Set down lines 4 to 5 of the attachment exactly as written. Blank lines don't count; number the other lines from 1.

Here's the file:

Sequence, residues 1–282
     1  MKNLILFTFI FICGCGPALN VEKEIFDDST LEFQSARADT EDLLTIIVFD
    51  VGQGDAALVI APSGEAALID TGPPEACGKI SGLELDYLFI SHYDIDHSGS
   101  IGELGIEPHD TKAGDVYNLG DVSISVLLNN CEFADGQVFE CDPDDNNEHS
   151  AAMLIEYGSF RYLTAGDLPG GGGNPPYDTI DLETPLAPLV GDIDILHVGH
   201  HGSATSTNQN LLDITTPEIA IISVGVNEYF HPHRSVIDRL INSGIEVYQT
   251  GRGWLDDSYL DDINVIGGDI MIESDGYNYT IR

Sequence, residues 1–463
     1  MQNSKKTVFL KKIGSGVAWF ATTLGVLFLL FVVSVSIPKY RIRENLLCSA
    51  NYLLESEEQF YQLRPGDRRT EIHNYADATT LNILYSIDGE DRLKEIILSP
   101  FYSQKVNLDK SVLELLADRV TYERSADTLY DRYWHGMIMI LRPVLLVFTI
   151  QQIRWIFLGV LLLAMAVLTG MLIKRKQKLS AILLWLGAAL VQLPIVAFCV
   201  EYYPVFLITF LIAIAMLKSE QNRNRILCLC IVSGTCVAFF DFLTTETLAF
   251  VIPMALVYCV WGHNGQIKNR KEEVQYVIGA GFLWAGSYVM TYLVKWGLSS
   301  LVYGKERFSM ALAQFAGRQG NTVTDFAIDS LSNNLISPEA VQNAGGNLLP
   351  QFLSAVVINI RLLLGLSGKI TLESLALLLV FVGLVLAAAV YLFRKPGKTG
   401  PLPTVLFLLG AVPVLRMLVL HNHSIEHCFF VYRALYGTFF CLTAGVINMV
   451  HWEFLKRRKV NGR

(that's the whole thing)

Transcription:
   101  IGELGIEPHD TKAGDVYNLG DVSISVLLNN CEFADGQVFE CDPDDNNEHS
   151  AAMLIEYGSF RYLTAGDLPG GGGNPPYDTI DLETPLAPLV GDIDILHVGH